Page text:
Fitness Sports Majors Grow at TAMIU
Recent statistics at Texas A&M International University indicate
a considerable increase in the number of students majoring in fitness
and sports with 137 students currently enrolled in both undergraduate
and post baccalaureate fitness and sports courses.
TAMIU launched the fitness and sports initiative in 1994 in hopes of
generating local and international interest in what then seemed an atypical
major for students. Coach Rafael Romo, fitness and sports instructor,
recalled only having an average attendance of six students per course
back in 1999 when he first began teaching at TAMIU.
"It's amazing how the program has grown since then. Now, all of
our courses have an average of 45 to 50 students," Coach Romo pointed
The interest generated amongst students exists because students want
to be involved in coaching and teaching physical education and enjoy going
to class, according to Romo. He mentioned the program is one of the best
in the surrounding areas and in the state.
"Laredo has not had a fitness and sports program like TAMIU's.
We have one of the top percentages of people passing the TexES/ExCET exam
and I think that has made people in Laredo actually want to come to school
here," Romo indicated.
What makes the University's fitness and sports program different is
the involvement students receive from an actual job setting. Romo said
students become involved by scouting and officiating at different sports
at local schools.
Majors in fitness and sports take general courses during their first
two years. At the same time, they explore their career choices so they
can choose their field of interest within the major. Students interested
in teacher certification take 126 hours of courses and have opportunities
to work with children in supervised field settings.
Romo said TAMIU's Bachelor of Science Fitness and Sports degree is a
well-established, highly respected degree, and can lead to a variety of
careers. The degree prepares graduates for many teaching or leisure-related
occupations. And because people may change careers many times in today's
world, the wide range of subjects students study at TAMIU means they will
be able to adapt to any new opportunity that comes their way.
For example, fitness and sports majors may expect a career as a physical
education teacher, aerobic dance instructor, athletic trainer, fitness
director (of a health spa or hospital recreation center), athletic administrator,
recreation therapist (in a hospital or rehabilitation center), and wellness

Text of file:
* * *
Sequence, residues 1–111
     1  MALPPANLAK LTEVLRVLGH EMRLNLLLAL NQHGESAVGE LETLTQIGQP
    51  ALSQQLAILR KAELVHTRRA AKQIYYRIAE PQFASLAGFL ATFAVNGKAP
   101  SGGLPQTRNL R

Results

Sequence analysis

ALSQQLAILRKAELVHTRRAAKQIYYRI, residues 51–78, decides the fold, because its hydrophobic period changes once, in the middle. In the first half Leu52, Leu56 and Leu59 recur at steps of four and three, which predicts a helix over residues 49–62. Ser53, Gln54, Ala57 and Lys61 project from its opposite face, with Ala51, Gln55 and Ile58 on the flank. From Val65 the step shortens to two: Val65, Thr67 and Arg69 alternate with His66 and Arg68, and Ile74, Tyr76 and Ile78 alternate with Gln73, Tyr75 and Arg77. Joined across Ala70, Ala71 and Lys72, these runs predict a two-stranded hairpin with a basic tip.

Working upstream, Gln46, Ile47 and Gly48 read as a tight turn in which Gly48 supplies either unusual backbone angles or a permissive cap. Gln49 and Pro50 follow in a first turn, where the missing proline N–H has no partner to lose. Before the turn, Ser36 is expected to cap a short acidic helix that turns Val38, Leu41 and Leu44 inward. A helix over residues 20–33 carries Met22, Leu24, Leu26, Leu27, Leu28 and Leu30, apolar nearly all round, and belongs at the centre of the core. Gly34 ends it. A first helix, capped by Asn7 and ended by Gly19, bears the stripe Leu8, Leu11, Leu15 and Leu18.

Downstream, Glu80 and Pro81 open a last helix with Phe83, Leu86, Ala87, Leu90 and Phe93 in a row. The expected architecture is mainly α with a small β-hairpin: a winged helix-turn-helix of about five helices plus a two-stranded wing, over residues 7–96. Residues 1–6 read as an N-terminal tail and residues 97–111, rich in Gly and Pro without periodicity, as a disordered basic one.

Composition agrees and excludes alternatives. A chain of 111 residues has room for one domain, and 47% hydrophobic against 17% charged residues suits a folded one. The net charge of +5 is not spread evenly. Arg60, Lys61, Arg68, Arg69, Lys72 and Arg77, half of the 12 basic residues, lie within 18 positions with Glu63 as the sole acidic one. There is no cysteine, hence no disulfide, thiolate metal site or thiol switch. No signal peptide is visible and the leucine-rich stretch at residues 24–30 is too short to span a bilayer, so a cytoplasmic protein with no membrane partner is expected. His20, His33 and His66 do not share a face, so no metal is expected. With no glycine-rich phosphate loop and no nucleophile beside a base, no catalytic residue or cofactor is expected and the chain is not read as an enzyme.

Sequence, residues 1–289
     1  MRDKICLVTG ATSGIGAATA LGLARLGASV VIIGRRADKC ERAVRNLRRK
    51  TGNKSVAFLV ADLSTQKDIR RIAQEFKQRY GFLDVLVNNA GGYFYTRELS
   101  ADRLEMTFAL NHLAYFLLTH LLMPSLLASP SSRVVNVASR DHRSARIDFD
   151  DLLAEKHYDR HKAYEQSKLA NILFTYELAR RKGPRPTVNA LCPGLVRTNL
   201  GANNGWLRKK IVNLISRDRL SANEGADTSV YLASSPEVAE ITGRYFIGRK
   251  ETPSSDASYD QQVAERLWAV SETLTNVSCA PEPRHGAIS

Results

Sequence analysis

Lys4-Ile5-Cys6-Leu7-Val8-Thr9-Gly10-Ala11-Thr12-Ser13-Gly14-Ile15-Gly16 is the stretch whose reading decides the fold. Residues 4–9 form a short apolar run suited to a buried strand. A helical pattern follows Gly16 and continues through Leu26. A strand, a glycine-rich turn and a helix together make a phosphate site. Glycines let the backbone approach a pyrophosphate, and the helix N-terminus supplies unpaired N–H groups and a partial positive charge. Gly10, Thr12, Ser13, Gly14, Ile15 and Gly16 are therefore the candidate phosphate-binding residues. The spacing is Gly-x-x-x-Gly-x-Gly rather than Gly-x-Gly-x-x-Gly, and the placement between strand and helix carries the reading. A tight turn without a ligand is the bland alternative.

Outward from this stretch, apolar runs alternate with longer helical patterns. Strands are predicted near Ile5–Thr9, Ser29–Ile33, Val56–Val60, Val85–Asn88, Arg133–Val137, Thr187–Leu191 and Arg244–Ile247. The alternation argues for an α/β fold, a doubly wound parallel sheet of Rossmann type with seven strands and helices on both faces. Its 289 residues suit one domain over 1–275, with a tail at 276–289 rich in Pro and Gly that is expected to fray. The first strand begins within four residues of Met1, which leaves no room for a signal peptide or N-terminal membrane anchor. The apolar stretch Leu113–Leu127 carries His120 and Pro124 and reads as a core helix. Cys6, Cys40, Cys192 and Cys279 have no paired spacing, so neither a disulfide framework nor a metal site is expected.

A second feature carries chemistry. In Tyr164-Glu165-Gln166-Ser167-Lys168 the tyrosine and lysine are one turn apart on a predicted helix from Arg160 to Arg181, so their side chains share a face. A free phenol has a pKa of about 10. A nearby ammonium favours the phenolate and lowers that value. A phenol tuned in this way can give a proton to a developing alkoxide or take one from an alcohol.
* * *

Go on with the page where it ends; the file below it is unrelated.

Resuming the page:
director. With additional study, one may undertake exercise science research
or become a physical therapist.
As the obesity rate increases so does Romo's concern for a healthy lifestyle.
He emphasized the importance of practicing what is preached and how physical
educators should actually look like physical educators for the sake of
"We are becoming so television oriented and computerized that we
rarely get out there and exercise. It is a proven fact that students perform
better academically if they have some sort of physical activity on a daily
basis because it gets rid of the stress, in exchange making the body feel
better," Romo explained.
Romo stressed to the importance of keeping the community fit, as it
will teach people an active lifestyle and in turn lead them to become
productive citizens. He said that helps fitness and sports majors as instructors
to enjoy their job and teaching.
Romo said the combined effort of Mr. Todd Farmer, instructor of education,
Dr. Sukho Lee, assistant professor of fitness and sports, and administrators
Dr. Humberto González, dean of the college of education, Dr. Juan
Lira, regents professor and chair of the department of curriculum and
instruction, and Dr. Ramón Alaniz, associate dean of the college
of education, has guaranteed the program's accomplishment.
"Our goals have made us what we are in the physical education program.
Our goals are structured together to where everything we teach leads towards
the perfect P.E. teacher," Romo declared.
For more information on the fitness and sports program, please contact
Romo at 326.2695, e-mail firstname.lastname@example.org,
or visit offices in the Sue and Radcliffe Killam Library, room 334A.
Journalists who need additional information or help with media requests
and interviews should contact the Office of Public Affairs and Information
Services at email@example.com